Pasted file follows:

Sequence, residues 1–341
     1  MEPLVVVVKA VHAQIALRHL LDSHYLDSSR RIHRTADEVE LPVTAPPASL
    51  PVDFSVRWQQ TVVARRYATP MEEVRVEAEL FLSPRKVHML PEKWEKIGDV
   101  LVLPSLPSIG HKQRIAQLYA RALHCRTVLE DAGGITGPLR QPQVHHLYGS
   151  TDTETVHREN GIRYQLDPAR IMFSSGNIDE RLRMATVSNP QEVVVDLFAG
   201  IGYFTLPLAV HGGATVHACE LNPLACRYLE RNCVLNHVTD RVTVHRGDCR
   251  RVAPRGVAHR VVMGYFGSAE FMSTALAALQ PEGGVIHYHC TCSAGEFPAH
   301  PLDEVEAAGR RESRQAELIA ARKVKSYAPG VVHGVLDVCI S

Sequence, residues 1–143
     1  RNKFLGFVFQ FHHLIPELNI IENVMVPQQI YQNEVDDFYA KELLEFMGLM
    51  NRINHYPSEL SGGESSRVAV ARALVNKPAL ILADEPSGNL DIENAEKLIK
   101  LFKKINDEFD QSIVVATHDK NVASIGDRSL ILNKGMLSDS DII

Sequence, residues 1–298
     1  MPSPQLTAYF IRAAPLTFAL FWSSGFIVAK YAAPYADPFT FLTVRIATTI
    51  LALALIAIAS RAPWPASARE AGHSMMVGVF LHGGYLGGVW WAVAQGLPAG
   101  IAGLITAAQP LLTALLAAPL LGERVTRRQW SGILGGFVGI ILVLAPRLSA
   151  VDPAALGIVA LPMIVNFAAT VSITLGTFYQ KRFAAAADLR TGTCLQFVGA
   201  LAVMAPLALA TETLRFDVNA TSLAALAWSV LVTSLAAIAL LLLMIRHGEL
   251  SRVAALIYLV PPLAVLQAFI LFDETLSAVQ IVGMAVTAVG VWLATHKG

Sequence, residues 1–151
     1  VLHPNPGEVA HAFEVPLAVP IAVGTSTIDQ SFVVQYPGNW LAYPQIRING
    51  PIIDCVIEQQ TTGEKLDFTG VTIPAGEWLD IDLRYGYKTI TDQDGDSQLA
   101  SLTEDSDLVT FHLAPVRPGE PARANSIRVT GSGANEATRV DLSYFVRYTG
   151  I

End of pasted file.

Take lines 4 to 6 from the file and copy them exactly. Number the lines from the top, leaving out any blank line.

   101  LVLPSLPSIG HKQRIAQLYA RALHCRTVLE DAGGITGPLR QPQVHHLYGS
   151  TDTETVHREN GIRYQLDPAR IMFSSGNIDE RLRMATVSNP QEVVVDLFAG
   201  IGYFTLPLAV HGGATVHACE LNPLACRYLE RNCVLNHVTD RVTVHRGDCR